Your government is hard at work
The common wisdom is that our government serves the people, and that it works for our well-being. But how true is this idealistic view? Lets look at a few examples, like our tax laws, the current mortgage crisis, the 1989 Savings and Loan scandal, the 2003 Medicare Bill, and the 2005 Energy Bill.Since 2000, our tax laws have cut taxes on the wealthy by $1.68 trillion serving the same people who underwrite political campaigns. The combination of these tax cuts and the profligate spending on Bushs war in Iraq has driven the national debt from $6 trillion to well over $9 trillion. Instead of paying for his war by raising taxes, Bush has cut them, creating deficits he put on the cuff, passing the burden on to coming generations.As a result of its laissez-faire attitude, your government turned a blind eye on abuses in the mortgage market, in which banks lured financially strapped borrowers into the trap of adjustable-rate mortgages, and then rolled these questionable mortgages into tainted packages, which they sold to investment institutions, who in turn marketed them as securities.A lot of money was made all up and down the line, except for the victims who had been duped into signing on to adjustable-rate mortgages, and those who ended up holding the bad debts. Your government at work responded to this crisis by extending $200 billion of taxpayer-financed credit to Wall Street banks, essentially bailing out the big guys with your money by piling still more onto the national debt. It was these same Wall Street interests who had used campaign contributions to block anti-predatory-lending legislation and to repeal a law that regulated how banks could buy and sell securities.The same kind of government negligence during the senior Bushs presidency brought on the 1989 Savings and Loan scandal (in which his son, Neil, was implicated), with $300 million of your money going to bail out the S & L industry.In 2003, your government abdicated its responsibility to the American people by pretty much allowing the pharmaceutical and insurance industries to draft a Medicare Bill that guaranteed them continued high profits. A few years later, several congressmen who had played key roles in passage of the bill had been rewarded with million-dollar-a-year jobs in those industries.As we all know, the 2005 Energy Bill was framed (and so were we) in secret meetings between Vice-president Dick Cheney and his accomplices in the oil business. Not surprisingly, it continued business as usual, granting the industry lavish subsidies and virtually ignoring energy conservation and development of alternate sources of energy.The past several years have been a win-win time for the wealthy, who have reaped all the benefits of increased productivity (while the average worker has been losing ground), and who at the same time have had tax rates on their huge income gains reduced.Yes, your government does work for the people, but for only some of the people those who play the game. The president and members of Congress are de facto employees of the wealthy interests, who lavish large campaign contributions and other financial favors on them. The wealthy pay these employees well, and let them know what they are expected to do in return. Will Rogers had it right we have the best government money can buy.Hal Sundins column appears every other Thursday in the Post Independent.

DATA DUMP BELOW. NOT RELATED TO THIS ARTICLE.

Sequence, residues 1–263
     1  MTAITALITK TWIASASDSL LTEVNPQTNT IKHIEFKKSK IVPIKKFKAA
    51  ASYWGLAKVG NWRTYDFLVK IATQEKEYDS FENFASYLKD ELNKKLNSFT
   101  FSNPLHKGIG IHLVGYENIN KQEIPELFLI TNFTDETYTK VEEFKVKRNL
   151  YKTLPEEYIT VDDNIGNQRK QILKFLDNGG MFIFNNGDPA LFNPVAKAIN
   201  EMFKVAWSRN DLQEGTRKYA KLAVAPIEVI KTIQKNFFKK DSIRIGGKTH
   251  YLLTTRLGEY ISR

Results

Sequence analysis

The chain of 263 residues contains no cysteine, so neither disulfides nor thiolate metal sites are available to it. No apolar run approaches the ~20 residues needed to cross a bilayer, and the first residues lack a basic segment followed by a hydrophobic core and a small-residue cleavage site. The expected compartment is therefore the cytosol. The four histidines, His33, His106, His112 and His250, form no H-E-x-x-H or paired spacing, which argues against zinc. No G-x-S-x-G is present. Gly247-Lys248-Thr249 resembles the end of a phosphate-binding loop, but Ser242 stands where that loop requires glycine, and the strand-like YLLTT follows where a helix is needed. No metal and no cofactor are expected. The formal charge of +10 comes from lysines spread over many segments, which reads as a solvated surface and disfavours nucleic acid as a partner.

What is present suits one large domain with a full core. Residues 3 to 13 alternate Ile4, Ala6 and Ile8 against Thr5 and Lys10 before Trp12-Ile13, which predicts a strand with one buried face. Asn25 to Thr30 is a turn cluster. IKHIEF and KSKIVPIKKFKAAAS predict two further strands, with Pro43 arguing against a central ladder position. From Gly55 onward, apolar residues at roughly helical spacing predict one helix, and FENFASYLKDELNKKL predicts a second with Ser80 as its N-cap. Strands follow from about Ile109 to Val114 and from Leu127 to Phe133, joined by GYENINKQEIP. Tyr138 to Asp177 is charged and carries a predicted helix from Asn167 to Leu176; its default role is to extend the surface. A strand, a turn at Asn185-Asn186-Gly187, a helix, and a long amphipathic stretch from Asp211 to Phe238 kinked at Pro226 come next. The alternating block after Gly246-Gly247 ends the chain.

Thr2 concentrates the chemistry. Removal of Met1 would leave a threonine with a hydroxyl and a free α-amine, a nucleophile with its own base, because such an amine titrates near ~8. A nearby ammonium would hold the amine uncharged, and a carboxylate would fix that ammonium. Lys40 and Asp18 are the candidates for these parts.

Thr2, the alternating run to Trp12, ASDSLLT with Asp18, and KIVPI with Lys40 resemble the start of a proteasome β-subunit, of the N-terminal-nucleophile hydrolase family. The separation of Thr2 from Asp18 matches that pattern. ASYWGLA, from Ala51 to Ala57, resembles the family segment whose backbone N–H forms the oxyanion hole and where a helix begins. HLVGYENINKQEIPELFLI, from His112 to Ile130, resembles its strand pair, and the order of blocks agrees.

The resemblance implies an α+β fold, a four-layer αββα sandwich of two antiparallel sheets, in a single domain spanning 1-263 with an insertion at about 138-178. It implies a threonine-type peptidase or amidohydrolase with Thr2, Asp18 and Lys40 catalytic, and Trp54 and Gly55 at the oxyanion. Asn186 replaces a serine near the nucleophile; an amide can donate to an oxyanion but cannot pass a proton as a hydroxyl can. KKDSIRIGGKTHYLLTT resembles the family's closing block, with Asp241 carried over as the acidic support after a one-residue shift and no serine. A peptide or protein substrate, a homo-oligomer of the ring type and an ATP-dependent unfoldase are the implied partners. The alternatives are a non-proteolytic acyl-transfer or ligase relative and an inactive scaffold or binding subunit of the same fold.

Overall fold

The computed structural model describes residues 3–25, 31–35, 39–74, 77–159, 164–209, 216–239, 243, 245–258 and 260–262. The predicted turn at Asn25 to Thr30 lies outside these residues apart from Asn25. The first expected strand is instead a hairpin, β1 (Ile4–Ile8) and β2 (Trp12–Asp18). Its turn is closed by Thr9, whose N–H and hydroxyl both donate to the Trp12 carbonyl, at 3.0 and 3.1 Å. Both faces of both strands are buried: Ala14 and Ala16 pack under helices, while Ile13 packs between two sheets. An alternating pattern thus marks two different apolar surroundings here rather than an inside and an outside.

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That sideline parent is me, parading to the field with a foldable chair, carrying an iced-coffee, armed with a bag of band-aids and a salty vocabulary ready to slay the referee or opponent that meddles…